Cybercrime Regulation: The Nigerian Situation

Cybercrime Regulation: The Nigerian Situation

Alex Ozoemelem Obuh (Delta State University, Nigeria) and Ihuoma Sandra Babatope (Delta State University, Nigeria)
Copyright: © 2011 |Pages: 15
DOI: 10.4018/978-1-61692-012-8.ch007
OnDemand PDF Download:
No Current Special Offers


This chapter discusses cybercrime and cybercrime regulation in the Nigeria. It gives the meaning to cybercrime, types of cybercrimes (of which advance fee fraud is the most prevalent in Nigeria), means of perpetrating cybercrimes, the current situation and efforts towards combating cybercrime in Nigeria.
Chapter Preview


Advancements in information and communication technologies (ICTs) have led to the representation of different types of information in electronic formats. The consequence is that currently text, pictures and voice can all be digitised. Along with these geometric changes in information presentation and distribution are tandem demands in user expectations for more rapid, open, and global access to information than has been available in the past. However, this migration from traditional communication medium to the new mediat seems to constitute a threat to the existence of a number of traditional print institutions and has provided a platform for fraudulent (criminal) Internet activities. Computers are increasingly more affordable and Internet connectivity is also becoming commonplace. The introduction and embracement of the Global System for Mobile Communication (GSM) in Nigeria and the influx of digital and online services such as the MP3 players, Ipod, cell phones with internet access and blogs (instant news reporting on personal and corporate web pages) (Longe & Chiemeke, 2008)

Cybercrime is a major concern to the global community. The introduction, growth, and utilisation of information and communication technologies (ICTs) have been accompanied by an increase in criminal activities (Parker, 1998). With respect to cyberspace, the Internet is increasingly used as a tool and medium by transnational organised crime (Lyman & Potter, 1998). Cybercrime is an obvious form of international crime that has been affected by the global revolution in ICTs (Parker, 1998). As a recent study noted, cybercrimes differ from terrestrial crimes in the following four ways (McConnell, 2000):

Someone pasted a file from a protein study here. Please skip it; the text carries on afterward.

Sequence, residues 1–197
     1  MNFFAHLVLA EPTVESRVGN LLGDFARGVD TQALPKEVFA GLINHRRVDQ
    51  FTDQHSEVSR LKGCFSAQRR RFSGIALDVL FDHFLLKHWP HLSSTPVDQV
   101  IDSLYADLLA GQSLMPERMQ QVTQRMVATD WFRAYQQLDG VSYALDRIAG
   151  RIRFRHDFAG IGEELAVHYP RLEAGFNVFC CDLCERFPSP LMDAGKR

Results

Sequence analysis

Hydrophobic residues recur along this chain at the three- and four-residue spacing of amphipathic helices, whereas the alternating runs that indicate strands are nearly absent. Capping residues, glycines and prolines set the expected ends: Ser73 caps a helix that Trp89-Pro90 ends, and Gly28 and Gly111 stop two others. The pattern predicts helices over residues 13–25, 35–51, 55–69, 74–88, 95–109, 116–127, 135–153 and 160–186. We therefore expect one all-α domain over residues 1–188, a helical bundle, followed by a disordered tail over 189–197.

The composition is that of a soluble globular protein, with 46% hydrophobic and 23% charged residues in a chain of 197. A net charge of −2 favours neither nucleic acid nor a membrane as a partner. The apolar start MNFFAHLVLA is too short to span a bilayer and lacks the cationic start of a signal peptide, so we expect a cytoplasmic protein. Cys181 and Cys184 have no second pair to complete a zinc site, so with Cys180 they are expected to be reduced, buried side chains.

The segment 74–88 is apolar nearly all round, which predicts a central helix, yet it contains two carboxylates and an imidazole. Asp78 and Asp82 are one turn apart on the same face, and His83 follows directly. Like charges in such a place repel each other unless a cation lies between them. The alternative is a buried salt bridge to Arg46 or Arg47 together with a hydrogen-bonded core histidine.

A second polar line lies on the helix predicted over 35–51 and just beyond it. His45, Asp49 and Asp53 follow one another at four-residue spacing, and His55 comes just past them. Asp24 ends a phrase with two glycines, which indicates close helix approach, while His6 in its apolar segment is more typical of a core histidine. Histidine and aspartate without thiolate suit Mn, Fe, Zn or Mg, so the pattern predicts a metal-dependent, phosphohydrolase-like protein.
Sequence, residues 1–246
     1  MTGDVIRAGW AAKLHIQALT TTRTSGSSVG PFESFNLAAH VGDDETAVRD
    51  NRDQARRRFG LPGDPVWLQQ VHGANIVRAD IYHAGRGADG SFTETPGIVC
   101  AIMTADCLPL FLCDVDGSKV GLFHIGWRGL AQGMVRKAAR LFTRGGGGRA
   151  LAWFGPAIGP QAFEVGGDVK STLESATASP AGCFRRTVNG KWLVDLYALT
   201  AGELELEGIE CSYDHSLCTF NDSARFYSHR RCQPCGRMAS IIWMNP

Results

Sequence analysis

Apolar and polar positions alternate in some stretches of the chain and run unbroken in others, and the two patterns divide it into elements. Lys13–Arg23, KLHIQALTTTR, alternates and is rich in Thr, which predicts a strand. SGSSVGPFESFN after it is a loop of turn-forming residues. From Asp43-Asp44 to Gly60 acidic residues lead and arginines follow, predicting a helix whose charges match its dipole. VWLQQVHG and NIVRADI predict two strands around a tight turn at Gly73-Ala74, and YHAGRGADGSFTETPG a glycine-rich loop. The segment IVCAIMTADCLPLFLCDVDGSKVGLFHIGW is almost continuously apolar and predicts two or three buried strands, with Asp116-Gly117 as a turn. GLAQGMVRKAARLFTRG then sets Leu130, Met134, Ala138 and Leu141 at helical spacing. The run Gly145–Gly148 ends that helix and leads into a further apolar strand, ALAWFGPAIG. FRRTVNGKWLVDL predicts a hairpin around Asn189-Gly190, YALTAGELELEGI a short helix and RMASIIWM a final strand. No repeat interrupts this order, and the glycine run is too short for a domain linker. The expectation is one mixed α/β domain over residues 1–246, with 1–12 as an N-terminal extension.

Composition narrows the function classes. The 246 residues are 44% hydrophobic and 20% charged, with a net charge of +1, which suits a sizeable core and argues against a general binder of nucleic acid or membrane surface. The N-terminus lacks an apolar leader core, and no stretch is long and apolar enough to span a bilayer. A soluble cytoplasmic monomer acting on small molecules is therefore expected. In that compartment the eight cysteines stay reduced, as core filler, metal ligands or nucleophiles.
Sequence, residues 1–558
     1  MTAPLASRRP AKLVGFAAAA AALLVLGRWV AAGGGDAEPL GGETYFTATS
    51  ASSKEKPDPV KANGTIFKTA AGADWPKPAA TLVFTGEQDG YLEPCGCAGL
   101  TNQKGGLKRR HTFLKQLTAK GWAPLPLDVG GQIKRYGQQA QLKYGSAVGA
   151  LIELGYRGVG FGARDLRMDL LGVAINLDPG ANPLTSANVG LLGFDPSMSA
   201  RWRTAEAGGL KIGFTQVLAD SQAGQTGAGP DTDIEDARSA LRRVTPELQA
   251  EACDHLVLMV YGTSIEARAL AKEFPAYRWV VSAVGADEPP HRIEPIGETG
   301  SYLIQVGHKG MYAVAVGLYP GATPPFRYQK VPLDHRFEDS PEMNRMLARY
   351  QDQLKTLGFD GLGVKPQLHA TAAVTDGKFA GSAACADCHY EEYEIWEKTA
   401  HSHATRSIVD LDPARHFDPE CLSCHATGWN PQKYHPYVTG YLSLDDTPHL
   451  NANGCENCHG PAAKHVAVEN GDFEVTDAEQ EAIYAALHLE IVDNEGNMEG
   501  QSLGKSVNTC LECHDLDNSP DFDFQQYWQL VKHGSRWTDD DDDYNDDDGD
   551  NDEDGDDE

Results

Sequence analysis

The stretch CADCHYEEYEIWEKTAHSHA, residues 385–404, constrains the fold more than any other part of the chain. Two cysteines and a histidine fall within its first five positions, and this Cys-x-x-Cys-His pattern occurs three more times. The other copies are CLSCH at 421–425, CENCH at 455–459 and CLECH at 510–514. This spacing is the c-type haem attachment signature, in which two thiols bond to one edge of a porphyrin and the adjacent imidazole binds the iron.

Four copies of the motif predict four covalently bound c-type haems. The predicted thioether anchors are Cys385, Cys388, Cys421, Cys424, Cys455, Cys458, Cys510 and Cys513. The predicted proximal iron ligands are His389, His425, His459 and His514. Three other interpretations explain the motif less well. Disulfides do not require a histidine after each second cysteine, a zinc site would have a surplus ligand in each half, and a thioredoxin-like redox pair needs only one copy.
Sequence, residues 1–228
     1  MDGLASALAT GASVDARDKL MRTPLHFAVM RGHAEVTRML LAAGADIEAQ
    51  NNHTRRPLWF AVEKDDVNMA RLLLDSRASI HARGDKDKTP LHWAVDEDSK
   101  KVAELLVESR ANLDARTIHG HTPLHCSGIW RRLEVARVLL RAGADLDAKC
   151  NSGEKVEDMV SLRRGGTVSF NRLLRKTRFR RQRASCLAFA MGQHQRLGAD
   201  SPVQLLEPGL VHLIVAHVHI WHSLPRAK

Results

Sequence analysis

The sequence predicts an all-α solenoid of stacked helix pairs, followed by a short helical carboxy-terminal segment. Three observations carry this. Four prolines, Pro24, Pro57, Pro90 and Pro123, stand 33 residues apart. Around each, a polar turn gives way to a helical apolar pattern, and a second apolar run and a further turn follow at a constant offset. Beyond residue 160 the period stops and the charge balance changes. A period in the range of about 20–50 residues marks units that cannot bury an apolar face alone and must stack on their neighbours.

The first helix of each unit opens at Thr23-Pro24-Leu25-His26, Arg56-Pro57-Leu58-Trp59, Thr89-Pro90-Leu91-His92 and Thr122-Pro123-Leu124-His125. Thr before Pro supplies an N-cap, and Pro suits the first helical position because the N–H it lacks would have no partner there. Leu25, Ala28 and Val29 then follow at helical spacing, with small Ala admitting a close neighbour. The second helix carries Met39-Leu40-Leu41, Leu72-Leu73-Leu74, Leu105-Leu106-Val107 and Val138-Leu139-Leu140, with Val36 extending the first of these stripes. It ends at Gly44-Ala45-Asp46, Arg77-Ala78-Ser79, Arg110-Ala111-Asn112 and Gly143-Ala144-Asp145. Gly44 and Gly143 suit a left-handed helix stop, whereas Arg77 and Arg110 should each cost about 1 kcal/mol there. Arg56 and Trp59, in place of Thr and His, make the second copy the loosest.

• They are easy to learn how to commit;

  • They require few resources relative to the potential damage caused;

  • They can be committed in a jurisdiction without being physically present in it; and

  • They are often not clearly illegal.

On such a basis, cybercrimes present new challenges to lawmakers, law enforcement agencies, and international institutions. This necessitates the existence of an effective supra-national as well as domestic mechanisms that monitor the utilisation of ICTs for criminal activities in cyberspace.

Nigerian 419 scam has become a major concern for the global community. The introduction, growth and utilization of information and telecommunication technologies (ICTs) have been accompanied by an increase in illegal activities. With respect to cyberspace, anonymous servers, hijacked emails and fake websites are being used as a tool and medium for fraud by cyber scammers. Nigerian advance fee fraud on the Internet is an obvious form of cybercrime that has been affected by the global revolution in ICTs. This form of crimes is not exclusive to advance sums of money to participate into business proposals but also covers romance, lottery and charity scams. The term ‘419’ is coined from section 419 of the Nigerian criminal code (part of Chapter 38: Obtaining Property by false pretences; Cheating) dealing with fraud. Currently, the axiom ‘419’ generally refers to a complex list of offences which in ordinary parlance are related to stealing, cheating, falsification, impersonation, counterfeiting, forgery and fraudulent representation of facts (Tive, 2006).

According to 2007 Internet Crime Report prepared by the National White Collar Crime Centre and the FBI, Nigeria currently ranks third in the world with 5.7 per cent of perpetrators of cybercrime (2007 Internet Crime Report). The Nigerian government has over the years enacted far-reaching laws aimed at checkmating transnational organized crime and punishing the perpetrators of these crimes. Efforts in regulating cybercrimes such as advance fee fraud and 419 are reflected in the Criminal Code Act, Economic and Financial Crimes Commission Act 2004, Computer Security and Critical Information Infrastructure Protection Bill 2005 and Advance Fee Fraud and other Fraud Related Offences Act 2006.

Complete Chapter List

Search this Book: